Aerial view of an Arctic fox den. Note the lush, tall vegetation that stands out against the rest of the tundra landscape. S. Johnson-Bice

Under the umbrella of our long-term monitoring program, we are also interested in understanding how climate change affects the Greater Wapusk Ecosystem food web. The Arctic has been disproportionately affected by human-caused climate change, and these effects can profoundly influence coastal tundra ecosystems. Indeed, climate change is a major reason why lemming abundance has declined over the past several decades: warmer winter temperatures negatively affect the quality and amount of snowpack on the tundra, and lemmings rely on deep, high-quality snowpack for their winter habitat.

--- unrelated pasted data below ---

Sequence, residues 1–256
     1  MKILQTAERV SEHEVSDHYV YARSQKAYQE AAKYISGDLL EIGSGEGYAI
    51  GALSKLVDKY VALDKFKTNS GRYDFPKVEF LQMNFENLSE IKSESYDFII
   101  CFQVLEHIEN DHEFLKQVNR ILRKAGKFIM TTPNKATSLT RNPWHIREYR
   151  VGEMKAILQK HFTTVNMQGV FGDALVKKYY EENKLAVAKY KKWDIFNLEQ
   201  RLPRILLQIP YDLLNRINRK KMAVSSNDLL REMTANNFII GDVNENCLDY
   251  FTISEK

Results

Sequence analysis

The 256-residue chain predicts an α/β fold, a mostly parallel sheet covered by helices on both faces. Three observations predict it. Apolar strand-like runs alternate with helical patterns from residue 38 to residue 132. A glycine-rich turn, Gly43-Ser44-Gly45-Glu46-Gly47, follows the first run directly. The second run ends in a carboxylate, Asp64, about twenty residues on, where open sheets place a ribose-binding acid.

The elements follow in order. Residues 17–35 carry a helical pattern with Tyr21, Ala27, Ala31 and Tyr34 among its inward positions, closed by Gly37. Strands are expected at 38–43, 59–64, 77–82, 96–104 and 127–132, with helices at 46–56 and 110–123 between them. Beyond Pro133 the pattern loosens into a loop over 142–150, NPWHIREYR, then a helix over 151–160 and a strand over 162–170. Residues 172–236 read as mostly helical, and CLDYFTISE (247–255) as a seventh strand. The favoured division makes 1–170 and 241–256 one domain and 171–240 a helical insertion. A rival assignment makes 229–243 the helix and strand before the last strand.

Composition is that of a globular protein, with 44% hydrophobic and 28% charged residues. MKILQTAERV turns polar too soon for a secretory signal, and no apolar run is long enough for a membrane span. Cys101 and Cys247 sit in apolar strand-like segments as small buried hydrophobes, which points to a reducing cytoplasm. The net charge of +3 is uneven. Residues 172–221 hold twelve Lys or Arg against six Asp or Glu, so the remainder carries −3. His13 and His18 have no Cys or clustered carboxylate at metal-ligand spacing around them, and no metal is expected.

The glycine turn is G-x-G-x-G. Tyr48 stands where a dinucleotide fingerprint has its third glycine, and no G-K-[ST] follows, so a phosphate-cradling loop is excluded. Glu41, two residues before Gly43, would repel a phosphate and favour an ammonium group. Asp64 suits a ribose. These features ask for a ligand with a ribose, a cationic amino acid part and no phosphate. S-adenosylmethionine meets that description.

Climate change has also negatively influenced the duration that Hudson Bay is covered by sea ice — the number of days Hudson Bay is covered by sea ice has declined by an average of 5.5 days per decade since 1979 — which has indirectly had adverse effects for Arctic foxes. With shorter sea ice seasons, animals like Arctic foxes that rely on sea ice for winter food resources are forced to stay on land longer in the fall and come ashore sooner in the spring than in the past, which effectively limits the length of time that Arctic foxes can consume seals. This reduced availability of seals, in combination with the lower overall rodent abundance, has resulted in a long-term decline in the Greater Wapusk Arctic fox population size.


Sea ice melting in Hudson Bay during spring. C. Warret Rodrigues